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View Diary: Richwine Scandal Recalls Hitler's Ivy League Connections (49 comments)

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  •  "Harvard" did not sign off on Reinhart and Rogoff (1+ / 0-)
    Recommended by:
    FG

    Faculty members are free to publish their research whereever they wish - in this case the American Economic Review (not affiliated with Harvard).  

    It's a different case with doctoral dissertations, however.

    The opposite of "good" is "good intention" - Kurt Tucholsky

    by DowneastDem on Sat May 11, 2013 at 12:17:00 PM PDT

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    •  I get that. I have a PhD. (3+ / 0-)
      Recommended by:
      Libby Shaw, blueoasis, OleHippieChick

      However, there is an implicit assumption, like an unspoken contract, that faculty will obey commonly understood rules of the academic profession. If tenured faculty at an institution ignore those standards, is it any wonder if students at the same institution do the same?

      If Harvard does not condemn Reinhart and Rogoff for suppressing evidence that contradicts their thesis, refusing for years to share their data with anyone, and peddling their theories across the globe without ever allowing it to be peer-reviewed, then Harvard shares the guilt of its faculty.

      If faculty are "free" to publish incorrect data with impunity then the very mission of the University, which is to extend and preserve human knowledge, is brought into question.

      It's because I'm an academic that I feel so strongly about this.  

      "When people spin this in partisan terms to obfuscate the truth, it does a real disservice to normal people not in the big club in DC. Many of them will be hurting...That is why I write."--priceman

      by SouthernLiberalinMD on Sat May 11, 2013 at 12:32:56 PM PDT

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      •  I don't have a Ph.D (1+ / 0-)
        Recommended by:
        SouthernLiberalinMD

        but I work at an academic institution as an administrator for a scientific institute.   The faculty of the institute would not take seriously any body of work that avoids peer review.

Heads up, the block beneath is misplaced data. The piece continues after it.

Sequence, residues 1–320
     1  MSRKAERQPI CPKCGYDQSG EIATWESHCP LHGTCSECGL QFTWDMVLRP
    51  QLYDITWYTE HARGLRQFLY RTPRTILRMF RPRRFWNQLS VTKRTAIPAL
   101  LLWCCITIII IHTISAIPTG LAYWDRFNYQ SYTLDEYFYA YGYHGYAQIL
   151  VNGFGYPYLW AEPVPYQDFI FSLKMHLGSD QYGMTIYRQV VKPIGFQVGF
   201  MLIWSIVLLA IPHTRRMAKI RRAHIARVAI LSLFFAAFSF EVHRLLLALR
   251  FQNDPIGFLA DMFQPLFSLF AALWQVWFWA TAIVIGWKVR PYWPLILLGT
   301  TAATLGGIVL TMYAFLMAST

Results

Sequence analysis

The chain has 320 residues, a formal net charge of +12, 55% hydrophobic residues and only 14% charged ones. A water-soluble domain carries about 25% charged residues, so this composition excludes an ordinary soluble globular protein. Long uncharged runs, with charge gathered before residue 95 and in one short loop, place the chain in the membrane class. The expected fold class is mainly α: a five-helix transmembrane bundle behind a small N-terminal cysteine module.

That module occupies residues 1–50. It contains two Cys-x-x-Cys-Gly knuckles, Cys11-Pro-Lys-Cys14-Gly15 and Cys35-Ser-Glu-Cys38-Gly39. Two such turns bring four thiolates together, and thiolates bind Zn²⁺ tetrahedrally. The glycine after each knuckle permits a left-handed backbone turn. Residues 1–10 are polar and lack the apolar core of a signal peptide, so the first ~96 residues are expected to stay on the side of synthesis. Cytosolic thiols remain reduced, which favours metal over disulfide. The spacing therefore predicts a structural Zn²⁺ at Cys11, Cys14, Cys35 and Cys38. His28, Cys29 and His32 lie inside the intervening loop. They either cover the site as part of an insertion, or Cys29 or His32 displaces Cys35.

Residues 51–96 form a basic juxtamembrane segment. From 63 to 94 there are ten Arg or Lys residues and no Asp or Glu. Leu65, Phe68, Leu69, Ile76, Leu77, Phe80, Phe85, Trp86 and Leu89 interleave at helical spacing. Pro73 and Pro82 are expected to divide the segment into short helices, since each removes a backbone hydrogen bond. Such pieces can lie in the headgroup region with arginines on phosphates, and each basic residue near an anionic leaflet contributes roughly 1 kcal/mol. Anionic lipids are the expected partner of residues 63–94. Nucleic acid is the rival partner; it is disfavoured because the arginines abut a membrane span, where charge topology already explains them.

•  I have done pre-publication peer review (2+ / 0-)
          Recommended by:
          blueoasis, OleHippieChick

          Much of it is a sham. Reviewers in many fields are not expected to opine on the correctness of the reported research or analysis. They are supposed to help it to come up to the standards of comparable research, like citing other relevant research and being adequately written. There are honorable exceptions.

          In the case of respected economics journals, peer review often means only that papers have to present respectable-looking Voodoo, like Baron Samedi in his fine suit and top hat.

          True peer review is done by those who attempt to replicate research, or re-analyze the original dataset, as happened to Reinhardt and Rogoff. Or the Cold Fusion of Fleischman and Ponds.

          Ceterem censeo, gerrymandra delenda est

          by Mokurai on Sat May 11, 2013 at 02:20:53 PM PDT

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          •  This may be true, but doesn't excuse R&R (0+ / 0-)

            for not even going through the motions. And now that we've seen the man behind the curtain, Harvard has a responsibility to do something other than wink at their behavior.

            But thanks for the inside dope on the process of peer review and how it's not always the safeguard it seems to be.

            "When people spin this in partisan terms to obfuscate the truth, it does a real disservice to normal people not in the big club in DC. Many of them will be hurting...That is why I write."--priceman

            by SouthernLiberalinMD on Mon May 13, 2013 at 08:06:06 AM PDT

            [ Parent ]

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